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Antiochus VII Sidetes
Excerpt from the Lexham Bible Dictionary, the most advanced Bible dictionary.
Seleucid ruler from 138–129 bc; younger son of Demetrius I; brother of Demetrius II. When Antiochus’ older brother and rightful Seleucid king Demetrius II was captured by the Parthians, Antiochus VII defeated the usurping king, Trypho, and established himself on the throne.He curried favor with the Jews initially (1 Macc 15:1–9), but his later policies led to war (1 Macc 15:38–41; 16:1–10). In 135/134 bc Antiochus besieged Jerusalem and ultimately conquered it. He was killed in battle against the Parthians in 129 bc.
Dictionaries
The Lexham Bible Dictionary
Antiochus VII Sidetes
Antiochus VII Sidetes (ca. 159–129 bc). Seleucid ruler from 138–129 bc; younger son of Demetrius I; brother of Demetrius II. When Antiochus’ older brother and rightful Seleucid king Demetrius II was captured by the Parthians, Antiochus VII defeated the usurping king, Trypho, and established himself on
The Anchor Yale Bible Dictionary
Antiochus (Person)
ANTIOCHUS (PERSON). A Macedonian name (“opposer”) borne by the father of Seleucus I, founder of the Seleucid dynasty of Syria, hence favored by the following kings of the dynasty.1. Antiochus I Soter (“savior”) (281–261 b.c.). Born 324 b.c., the son of Seleucus I and the Bactrian princess Apama, he
The International Standard Bible Encyclopedia, Revised
Antiochus VII Sidetes
Antiochus VII Sidetes si-dētʹēz (so called because he was born in Sida in Pamphylia [Eusebius Chronicon- Armenian i.349]; called also Eusebēs—‘pious’ [Josephus Ant. xii.8.2]; on coins Euergetēs—‘benefactor’). Born 159 b.c., second son of Demetrius I; ruled 139/138–129 b.c.After his brother Demetrius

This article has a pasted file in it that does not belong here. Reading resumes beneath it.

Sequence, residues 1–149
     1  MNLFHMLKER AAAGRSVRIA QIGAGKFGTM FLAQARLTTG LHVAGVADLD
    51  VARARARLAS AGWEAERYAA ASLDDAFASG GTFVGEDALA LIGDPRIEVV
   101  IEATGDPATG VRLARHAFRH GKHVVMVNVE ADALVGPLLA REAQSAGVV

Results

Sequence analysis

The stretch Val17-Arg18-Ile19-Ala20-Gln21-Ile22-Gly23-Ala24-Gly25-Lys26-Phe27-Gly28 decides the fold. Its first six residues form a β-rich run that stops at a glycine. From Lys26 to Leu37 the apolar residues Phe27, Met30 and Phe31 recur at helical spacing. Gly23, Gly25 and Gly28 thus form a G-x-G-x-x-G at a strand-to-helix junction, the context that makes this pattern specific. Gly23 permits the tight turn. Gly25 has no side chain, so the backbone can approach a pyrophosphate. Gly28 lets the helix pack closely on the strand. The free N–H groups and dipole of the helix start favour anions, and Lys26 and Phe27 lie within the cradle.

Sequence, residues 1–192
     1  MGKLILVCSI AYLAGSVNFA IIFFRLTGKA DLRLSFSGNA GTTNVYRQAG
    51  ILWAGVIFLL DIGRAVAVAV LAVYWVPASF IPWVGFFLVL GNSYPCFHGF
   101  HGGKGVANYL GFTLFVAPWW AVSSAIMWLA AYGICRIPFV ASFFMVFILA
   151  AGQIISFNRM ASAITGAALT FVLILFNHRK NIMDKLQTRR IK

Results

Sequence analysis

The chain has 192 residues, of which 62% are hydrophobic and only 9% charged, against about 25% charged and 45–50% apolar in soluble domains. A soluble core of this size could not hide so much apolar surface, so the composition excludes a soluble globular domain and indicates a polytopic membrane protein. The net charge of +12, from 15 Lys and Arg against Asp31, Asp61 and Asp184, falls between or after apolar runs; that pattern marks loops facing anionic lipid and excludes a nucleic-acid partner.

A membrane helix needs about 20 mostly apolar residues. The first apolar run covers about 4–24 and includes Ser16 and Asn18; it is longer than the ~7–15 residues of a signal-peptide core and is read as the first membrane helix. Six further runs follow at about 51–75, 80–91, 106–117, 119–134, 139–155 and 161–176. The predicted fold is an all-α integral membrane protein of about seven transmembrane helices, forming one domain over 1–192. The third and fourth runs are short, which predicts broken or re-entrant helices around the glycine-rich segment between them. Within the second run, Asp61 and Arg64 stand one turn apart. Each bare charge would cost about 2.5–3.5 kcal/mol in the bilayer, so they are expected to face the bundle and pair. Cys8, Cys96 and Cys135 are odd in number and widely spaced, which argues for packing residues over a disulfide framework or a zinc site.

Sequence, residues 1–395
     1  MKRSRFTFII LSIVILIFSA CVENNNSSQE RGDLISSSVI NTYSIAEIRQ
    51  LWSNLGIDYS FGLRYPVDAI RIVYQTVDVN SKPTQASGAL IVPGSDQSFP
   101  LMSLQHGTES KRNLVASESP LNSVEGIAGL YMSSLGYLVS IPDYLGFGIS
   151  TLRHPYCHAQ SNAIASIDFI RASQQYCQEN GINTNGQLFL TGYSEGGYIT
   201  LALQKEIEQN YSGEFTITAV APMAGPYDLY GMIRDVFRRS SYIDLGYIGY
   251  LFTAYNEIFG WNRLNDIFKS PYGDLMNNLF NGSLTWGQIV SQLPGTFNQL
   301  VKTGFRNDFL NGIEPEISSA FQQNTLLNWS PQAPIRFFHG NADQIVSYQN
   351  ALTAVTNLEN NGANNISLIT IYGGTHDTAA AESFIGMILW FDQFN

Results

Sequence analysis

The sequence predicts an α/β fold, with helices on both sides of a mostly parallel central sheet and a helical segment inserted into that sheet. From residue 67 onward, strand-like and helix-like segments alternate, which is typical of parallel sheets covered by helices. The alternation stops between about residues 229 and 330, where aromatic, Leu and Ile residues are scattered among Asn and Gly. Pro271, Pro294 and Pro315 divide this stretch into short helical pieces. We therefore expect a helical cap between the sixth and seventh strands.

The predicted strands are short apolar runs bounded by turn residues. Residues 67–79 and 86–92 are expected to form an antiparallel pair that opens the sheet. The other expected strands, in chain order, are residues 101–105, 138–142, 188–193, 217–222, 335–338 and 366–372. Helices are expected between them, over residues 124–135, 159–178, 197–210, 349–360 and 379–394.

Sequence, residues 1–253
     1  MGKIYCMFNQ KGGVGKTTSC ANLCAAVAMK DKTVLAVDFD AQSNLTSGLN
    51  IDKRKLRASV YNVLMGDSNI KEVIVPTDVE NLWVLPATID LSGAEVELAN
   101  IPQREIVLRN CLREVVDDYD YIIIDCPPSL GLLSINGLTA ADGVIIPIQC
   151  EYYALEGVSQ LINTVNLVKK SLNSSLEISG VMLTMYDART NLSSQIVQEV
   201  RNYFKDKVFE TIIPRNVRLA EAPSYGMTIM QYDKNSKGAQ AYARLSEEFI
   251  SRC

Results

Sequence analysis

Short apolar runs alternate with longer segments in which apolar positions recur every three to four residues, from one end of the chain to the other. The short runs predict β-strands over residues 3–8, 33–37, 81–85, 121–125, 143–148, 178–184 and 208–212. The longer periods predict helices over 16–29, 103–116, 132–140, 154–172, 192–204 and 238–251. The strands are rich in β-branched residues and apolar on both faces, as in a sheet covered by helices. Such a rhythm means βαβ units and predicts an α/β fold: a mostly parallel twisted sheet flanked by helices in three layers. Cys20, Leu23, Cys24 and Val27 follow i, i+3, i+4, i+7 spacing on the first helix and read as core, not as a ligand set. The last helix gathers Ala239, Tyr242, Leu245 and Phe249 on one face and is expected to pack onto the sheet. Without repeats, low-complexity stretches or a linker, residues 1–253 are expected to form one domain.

Tyndale Bible Dictionary
Antiochus Vii
ANTIOCHUS VII Called Antiochus Sidetes (c. 159–129 bc), was king of Syria from 139/138 to 129 bc, son of Demetrius I and brother of Demetrius II. After the capture of Demetrius II, he became the third husband of his brother’s queen Cleopatra Thea and drove the usurper Trypho from the throne (139 bc).
The HarperCollins Bible Dictionary (Revised and Updated)
Antiochus
Antiochus (an-ti´uh-kuhs), a name borne by thirteen rulers or would-be rulers of the Seleucid dynasty (Hellenistic inheritors of Syria, southern Asia Minor, and other portions of the empire of Alexander the Great). The most significant of these was Antiochus IV Epiphanes, who ruled 175–164 bce, and it
The New Bible Dictionary, Third Edition
Antiochus
ANTIOCHUS. The name of 13 kings of the Seleucid dynasty which in the 40 years following the death of Alexander the Great in 323 bc had become master of Asia Minor, Syria and the more westerly of Alexander’s E dominions. Being a Hellenistic dynasty, they sought to maintain hold of this vast empire by
Eerdmans Dictionary of the Bible
Antiochus
Antiochus (Gk. Antɩ́ochos)The events described in 1-2 Maccabees and Daniel take place against the background of Seleucid history in the 2nd century b.c.e. The sequence of Seleucid rulers (with their approximate regnal years) is: Antiochus III (223–187), Seleucus IV Philopator (187–175), Antiochus IV
Eerdmans Bible Dictionary
Antiochus
Antiochus [ăn tīˊə kəs] (Gk. Antiochus “opposer”). The name of at least twelve Seleucid kings reigning over Syria between ca. 280 and 65 B.C.
Smith’s Bible Dictionary
Antiochus
Anti´ochus (an opponent), the name of a number of kings of Syria who lived during the interval between the Old and New Testaments, and had frequent connection with the Jews during that period. They are referred to in the Apocrypha, especially in the books of the Maccabees.
Easton’s Bible Dictionary
Antiochus
Antiochusthe name of several Syrian kings from 280 to 65. The most notable of these were, (1.) Antiochus the Great, who ascended the throne 223. He is regarded as the “king of the north” referred to in Dan. 11:13–19. He was succeeded (187) by his son, Seleucus Philopater, spoken of by Daniel (11:20)
Harper’s Bible Dictionary
Antiochus
AntiochusAntiochus (an-tīʹuh-kuhs), a name borne by thirteen kings or pretenders of the Seleucid dynasty (Hellenistic inheritors of Syria, southern Asia Minor, and other portions of the empire of Alexander the Great). The land of Israel fell under Seleucid rule in 198 b.c., when Antiochus III (the
Nelson’s New Illustrated Bible Dictionary
Antiochus
ANTIOCHUS [an TIE oh kus] (withstander) — the name of 13 members of the Seleucid dynasty of Syria. The Seleucids governed Palestine from 280 b.c., following the division of Alexander the Great’s empire, until the Roman commander Pompey made Syria a Roman province in 63 b.c. The Book of Daniel prophesies
See also
Relatives
Demetrius Father
Demetrius Brother
Seleucus Grandfather
Roles